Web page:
Yes, another piece of academic navel gazing in what has been an interesting week of gazing at the question of the contribution of academics to society. Nicholas Kristof’s New York Times column framing of academics as a intellectual snobs who don’t contribute to society, catalyzed a heated backlash in the twitterverse. Academics who, in a variety of different ways, see public engagement as core to their work pointed out that his critique was outdated, narrow, masculine, elitist and just plain wrong. Much of this debate has focused on academic incentive structures or the varied ways that academics currently engage and contribute to the public sphere. But there is one perspective that hasn’t had so much airtime: changing the way academics do research to build better connections between their knowledge, policy and practice. These approaches use the research process, not just the research outputs, to understand, participate in, and catalyze change.
This debate [see this post for a roundup of responses] has largely characterized the research process in a model where researchers finding out new and exciting things and then communicate them to folks involved with policy and practice. Decades of critique in the failings of this linear model have led many academics to find alternatives (hence the work of all those #engagedacademics). The linear model neglects the messy reality of the interface between knowledge and change (in individual behavior, public policy, or in my field, land management and conservation practice), which is far from rational or linear and it rarely emerges from an end of pipe translation of academic knowledge for “lay publics”. As Erica Chenoweth pointed out, just because academic knowledge isn’t influencing the policies in DC it doesn’t mean that it isn’t making change in the world. There are many ways and many places for academic knowledge to make the contribution that Kristof is calling for.
Raul Pacheco-Vega touched on this in a post published in early Feb, writing about the challenges of being a public policy professor and public intellectual. Like Raul, I work in the space of intractable natural resource governance (namely climate adaptation and biodiversity conservation). A growing number of academics who work in this space see their knowledge as just one of the many voices that are needed to address the kinds of problems that Kristoff laments. This changes the role of researchers and research-based knowledge from being the bearers of truth and solutions to participating in collaborative processes targeted at developing knowledge to address particular challenges or problems.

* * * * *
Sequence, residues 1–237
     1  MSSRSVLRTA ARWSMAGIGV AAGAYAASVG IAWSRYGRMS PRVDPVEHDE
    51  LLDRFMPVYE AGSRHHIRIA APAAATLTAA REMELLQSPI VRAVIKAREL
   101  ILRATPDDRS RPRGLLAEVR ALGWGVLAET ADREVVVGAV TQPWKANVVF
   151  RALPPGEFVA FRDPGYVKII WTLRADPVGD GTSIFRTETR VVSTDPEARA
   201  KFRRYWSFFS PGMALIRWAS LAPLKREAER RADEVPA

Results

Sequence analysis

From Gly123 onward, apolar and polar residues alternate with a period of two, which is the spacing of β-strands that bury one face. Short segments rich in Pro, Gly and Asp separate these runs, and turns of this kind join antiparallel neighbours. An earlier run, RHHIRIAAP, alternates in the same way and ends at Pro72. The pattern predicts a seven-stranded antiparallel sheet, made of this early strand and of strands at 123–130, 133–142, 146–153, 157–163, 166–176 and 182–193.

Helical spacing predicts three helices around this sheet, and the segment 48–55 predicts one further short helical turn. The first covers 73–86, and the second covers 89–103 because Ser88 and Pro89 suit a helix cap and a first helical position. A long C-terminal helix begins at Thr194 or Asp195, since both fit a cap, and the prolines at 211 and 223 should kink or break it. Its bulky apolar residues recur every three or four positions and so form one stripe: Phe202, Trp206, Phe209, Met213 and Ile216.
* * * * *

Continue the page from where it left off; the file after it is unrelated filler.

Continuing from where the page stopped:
I’ve written about this type of scholarship before. Knowledge co-production sees the interactions between research, policy, and practice as dynamic and messy. These endeavors are anything but linear, as different actors come together to share their different perspectives to generate new insight that transcends any one singular perspective. Co-production is the latest buzz word in science policy scholarship, a new normative goal whereby academic research strives to be exactly the opposite of what Kristof accuses it of being. With initiatives like Future Earth running with co-production as a major pillar of their research endeavors it is clear that this approach no longer exists in the academic fringe.
In my own research, I’m currently working in a diverse team of climate, ecological, and social scientists from three different universities, practitioners and conservation planners from local NGO partners and major federal agencies. Our mandate is to produce knowledge that will be guided by and useful for the needs of land managers from the US Departments of Interior and Agriculture. Next week my colleges and I will be hosting a workshop for said managers where they will be selecting the focus of our research. This is not about producing academic papers that might be read by these managers. Rather, the research has been designed to actively engage different folks in a process that will build direct connections between our collective work and the decision-makers in the landscape we’re working in.
Co-production is not a silver bullet. These efforts struggles with all the challenges outlined in this debate. Academics, policy-makers, decision-makers, and practitioners come from different worlds, we speak different languages and see generally these problems differently. Our interactions are strained by cultural differences, power relations as well as funding and incentive structures that don’t reward the time it takes to do collaborative research. We don’t know how to do this very well, so co-production is both a research goal and a research subject in its own right. Part of this research agenda is focused on understanding how to more effectively bring research-based knowledge into policy and practice.
I have never seen my academic career as condemning me to irrelevance. Rather, I see academia as a place, albeit a highly privileged one, from which I can make a contribution to the challenges our society faces. The primary vehicle for my influence is not the papers that I write, but the processes I engage in. Changing the world will not come about by translating our gobbledegook into “plain language” so that “lay stakeholders” can go forth and implement our wisdom. By actively engaging with practitioners, landowners, decision-makers, and policy makers these collaborative research processes, not just their outputs become the contribution to a more sustainable future.